The Big Payoff for Drilling the Perfect Well

3D illustration of Johan Sverdrup. Source: Statoil

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Statoil has reported that it is possible, with the right organization and incentives, to drill the “perfect” well.

And when that happened it was time to redefine perfect.

In this case, perfect was defined as the most ambitious target time for drilling eight wells in Statoil’s Johan Sverdrup field.

While that discovery was one of the largest ever in the Norwegian North Sea, with oil prices around USD 50/bbl the Norwegian national oil company still needed to significantly reduce the cost of drilling to profitably develop the field.

The perfect well was one of the benchmarks set by a project that set out to redefine the working relationship between the operating company, the driller, and service providers to achieve “radical efficiency improvements from its own employees and from contractors,” according to a paper presented at the 2017 Offshore Technology Conference (OTC 27592).

To lower costs, the well designs for Statoil’s Johan Sverdrup field focused on simplicity and standard parts. Source: OTC 27592.


During the planning process, the paper said there were workers from all the partners who said the goals were “too ambitious” and “far beyond reach,” the paper said.

“Our actual delivery beat our initial perfect well,” said Jakup Oregaard, a drilling manager for Statoil, who presented the paper at OTC. So the company developed a new perfect line.

The actual drilling rate (black) far exceeded the pace in the budget (blue) and the perfect level (pink), matching the fastest pace on sections of comparable wells, leading to the creation of a new perfect line (brown). Source: OTC 27592.

Team Building

By rethinking the way drilling is organized and paid for, with an eye toward creating a team with shared goals that is highly motivated, Statoil was able to deliver “twice as many wells as we had budgeted for,” he said.

At the time it embarked on the experiment in 2015, all the parties involved had reason to embrace change.

Oil prices had dropped 50%, and were well below Statoil’s average break-even costs for offshore projects, and Johan Sverdrup was a critical one. The price crash led to mass offshore project delays and cancellations, leaving drillers and service companies hungry for work.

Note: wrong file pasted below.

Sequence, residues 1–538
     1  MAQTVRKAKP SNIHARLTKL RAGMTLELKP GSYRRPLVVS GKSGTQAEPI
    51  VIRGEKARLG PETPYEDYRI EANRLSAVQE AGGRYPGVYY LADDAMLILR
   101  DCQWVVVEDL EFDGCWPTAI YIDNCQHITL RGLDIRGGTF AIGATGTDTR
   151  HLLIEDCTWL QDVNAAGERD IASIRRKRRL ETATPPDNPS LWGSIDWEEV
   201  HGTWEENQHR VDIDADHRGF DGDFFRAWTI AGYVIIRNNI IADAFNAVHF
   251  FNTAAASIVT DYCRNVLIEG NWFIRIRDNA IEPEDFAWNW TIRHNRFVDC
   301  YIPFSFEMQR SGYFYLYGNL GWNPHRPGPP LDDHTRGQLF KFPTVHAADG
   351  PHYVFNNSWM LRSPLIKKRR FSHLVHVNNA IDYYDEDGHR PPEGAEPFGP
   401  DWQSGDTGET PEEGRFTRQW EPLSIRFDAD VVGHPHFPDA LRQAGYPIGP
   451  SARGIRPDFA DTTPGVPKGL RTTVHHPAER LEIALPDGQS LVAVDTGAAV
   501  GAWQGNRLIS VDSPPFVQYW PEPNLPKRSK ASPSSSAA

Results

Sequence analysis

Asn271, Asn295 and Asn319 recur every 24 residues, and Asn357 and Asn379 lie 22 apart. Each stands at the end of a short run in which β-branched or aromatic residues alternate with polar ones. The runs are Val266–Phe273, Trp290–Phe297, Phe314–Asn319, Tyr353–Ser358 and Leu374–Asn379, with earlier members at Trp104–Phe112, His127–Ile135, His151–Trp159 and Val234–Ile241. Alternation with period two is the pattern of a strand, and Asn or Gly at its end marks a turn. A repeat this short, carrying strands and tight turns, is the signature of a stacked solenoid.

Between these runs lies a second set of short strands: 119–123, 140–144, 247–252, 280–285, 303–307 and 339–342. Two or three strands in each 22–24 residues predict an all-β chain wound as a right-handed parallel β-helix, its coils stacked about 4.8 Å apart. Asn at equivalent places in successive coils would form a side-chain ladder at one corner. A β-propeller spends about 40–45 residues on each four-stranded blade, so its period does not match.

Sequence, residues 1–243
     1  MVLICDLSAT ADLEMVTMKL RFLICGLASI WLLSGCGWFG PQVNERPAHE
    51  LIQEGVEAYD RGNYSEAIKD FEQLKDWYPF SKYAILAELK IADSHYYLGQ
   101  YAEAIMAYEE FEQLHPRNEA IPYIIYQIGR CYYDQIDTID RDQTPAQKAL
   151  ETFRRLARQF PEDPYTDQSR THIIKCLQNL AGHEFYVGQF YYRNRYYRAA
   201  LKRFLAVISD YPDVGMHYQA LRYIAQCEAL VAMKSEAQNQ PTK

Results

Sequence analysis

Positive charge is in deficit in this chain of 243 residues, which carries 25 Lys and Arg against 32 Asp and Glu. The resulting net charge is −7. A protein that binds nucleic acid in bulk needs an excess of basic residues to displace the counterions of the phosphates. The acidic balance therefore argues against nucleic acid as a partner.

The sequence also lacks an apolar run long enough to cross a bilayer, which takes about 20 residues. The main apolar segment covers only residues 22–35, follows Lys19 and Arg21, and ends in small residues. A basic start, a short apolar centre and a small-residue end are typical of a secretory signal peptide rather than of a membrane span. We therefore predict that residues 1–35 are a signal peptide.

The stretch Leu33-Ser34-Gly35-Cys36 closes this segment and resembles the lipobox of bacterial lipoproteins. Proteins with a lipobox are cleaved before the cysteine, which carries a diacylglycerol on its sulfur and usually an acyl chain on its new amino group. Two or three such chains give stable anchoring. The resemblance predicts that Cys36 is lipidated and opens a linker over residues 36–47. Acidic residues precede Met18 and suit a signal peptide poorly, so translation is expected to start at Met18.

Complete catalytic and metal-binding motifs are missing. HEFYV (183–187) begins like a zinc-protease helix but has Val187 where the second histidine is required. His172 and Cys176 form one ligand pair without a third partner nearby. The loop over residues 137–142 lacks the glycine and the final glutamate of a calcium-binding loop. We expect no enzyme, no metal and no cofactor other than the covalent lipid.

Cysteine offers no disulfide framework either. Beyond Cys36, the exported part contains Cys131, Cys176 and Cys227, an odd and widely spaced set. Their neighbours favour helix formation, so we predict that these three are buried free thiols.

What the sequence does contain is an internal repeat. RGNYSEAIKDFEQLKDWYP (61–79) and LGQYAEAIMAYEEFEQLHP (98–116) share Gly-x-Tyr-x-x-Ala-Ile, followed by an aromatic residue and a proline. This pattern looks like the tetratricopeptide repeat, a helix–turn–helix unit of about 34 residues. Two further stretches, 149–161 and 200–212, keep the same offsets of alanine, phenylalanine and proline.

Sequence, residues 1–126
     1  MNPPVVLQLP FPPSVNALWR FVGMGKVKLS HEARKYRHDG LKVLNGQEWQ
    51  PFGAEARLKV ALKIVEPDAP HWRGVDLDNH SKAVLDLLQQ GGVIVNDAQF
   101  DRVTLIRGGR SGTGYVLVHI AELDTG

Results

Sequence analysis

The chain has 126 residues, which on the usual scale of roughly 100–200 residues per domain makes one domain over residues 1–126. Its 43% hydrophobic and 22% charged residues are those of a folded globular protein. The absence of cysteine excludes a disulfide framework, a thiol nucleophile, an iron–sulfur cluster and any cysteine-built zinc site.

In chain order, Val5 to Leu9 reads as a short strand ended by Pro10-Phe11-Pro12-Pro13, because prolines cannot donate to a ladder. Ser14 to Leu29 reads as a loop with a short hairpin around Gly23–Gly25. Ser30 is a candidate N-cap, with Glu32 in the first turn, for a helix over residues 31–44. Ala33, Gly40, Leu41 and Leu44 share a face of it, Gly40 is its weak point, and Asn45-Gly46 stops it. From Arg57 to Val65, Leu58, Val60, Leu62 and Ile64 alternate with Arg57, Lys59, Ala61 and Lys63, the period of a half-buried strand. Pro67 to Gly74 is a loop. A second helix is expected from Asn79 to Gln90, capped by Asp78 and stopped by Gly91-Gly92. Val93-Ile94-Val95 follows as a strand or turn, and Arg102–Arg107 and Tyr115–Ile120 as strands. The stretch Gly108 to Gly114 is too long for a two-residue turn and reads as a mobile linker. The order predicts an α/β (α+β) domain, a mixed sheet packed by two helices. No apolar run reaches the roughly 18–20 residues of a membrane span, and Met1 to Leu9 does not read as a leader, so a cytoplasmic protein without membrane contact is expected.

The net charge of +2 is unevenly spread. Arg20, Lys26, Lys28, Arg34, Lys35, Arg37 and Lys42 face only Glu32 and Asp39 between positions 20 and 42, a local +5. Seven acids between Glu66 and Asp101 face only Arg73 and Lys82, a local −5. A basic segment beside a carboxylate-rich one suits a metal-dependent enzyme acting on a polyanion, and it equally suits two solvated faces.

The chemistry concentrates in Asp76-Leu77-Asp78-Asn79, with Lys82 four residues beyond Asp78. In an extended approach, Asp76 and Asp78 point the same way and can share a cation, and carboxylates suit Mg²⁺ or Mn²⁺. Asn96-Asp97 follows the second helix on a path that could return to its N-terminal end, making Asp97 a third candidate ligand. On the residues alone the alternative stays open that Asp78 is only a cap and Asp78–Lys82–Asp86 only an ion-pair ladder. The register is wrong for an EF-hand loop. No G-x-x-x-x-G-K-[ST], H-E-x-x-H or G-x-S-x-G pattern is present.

The perfect well was the simple tip of complex changes in the contractual and working relationship among Statoil and the two main service providers—Odjfell, the drilling contractor, and Baker Hughes, which coordinated other services.

The goal was to pay for work done rather than based on day rates. While the days of work still figured in, the bonus system was part of a compensation program designed to pay for “services actually delivered.”

Incentive payments are not new. Also, rather than payments awarded based on the work of the individual service provider, these required coordinated efforts among multiple companies.

“The offshore day rate is paid only when in operation,” the paper said. Services are compensated based on how much is accomplished. This could be payment based on meters drilled or cementing completed. In all cases, quality standards and safe operations remained essential.

Since workers play a critical role in change, the incentive payments were evenly split between companies and employees. Workers were reminded of their role with signs saying: “know your numbers.”

These contracts addressed common complaints from operators and the service companies. It de-emphasized day rates, which are often criticized by operators because working slower pays more. And it gave service providers, who complain they have limited influence because they are not involved in key decisions, particularly one made early on, a greater role.

The “integrated service contacts” were designed to ensure that the many service providers were coordinated under the leadership of the lead drilling and services contractors. The key people working offshore and onshore were represented each day in a morning meeting led by the drilling superintendent.

Experts from the project partners staffed a joint operations center in Stavanger with a video connection to offshore facilities. It allowed experts from the project partners to keep up with the work and quickly address problems as they came up.

For example, when drilling was halted by unstable wellbore that would require stopping and planning a sidetrack around the problem, they could “jump to the next well in situation where instability occurred, and not send valuable time troubleshooting with the drilling rig on location.”

About half the saving came from standardization and integration, he said. For example, well designs emphasized simplicity and standard elements.

The method is now being used to drill wells at Johan Sverdrup, and will be used when the fixed drilling platform is installed at the multi-platform development. At that point, the paper said “a challenge will then be to transfer the operating model over to a new organization.”

Related Multimedia

The beginning of production well drilling at the Johan Sverdrup field is recorded in this video showing top hole drilling. Source: Statoil.


The Big Payoff for Drilling the Perfect Well

Stephen Rassenfoss, JPT Emerging Technology Senior Editor

25 May 2017

Volume: 69 | Issue: 7


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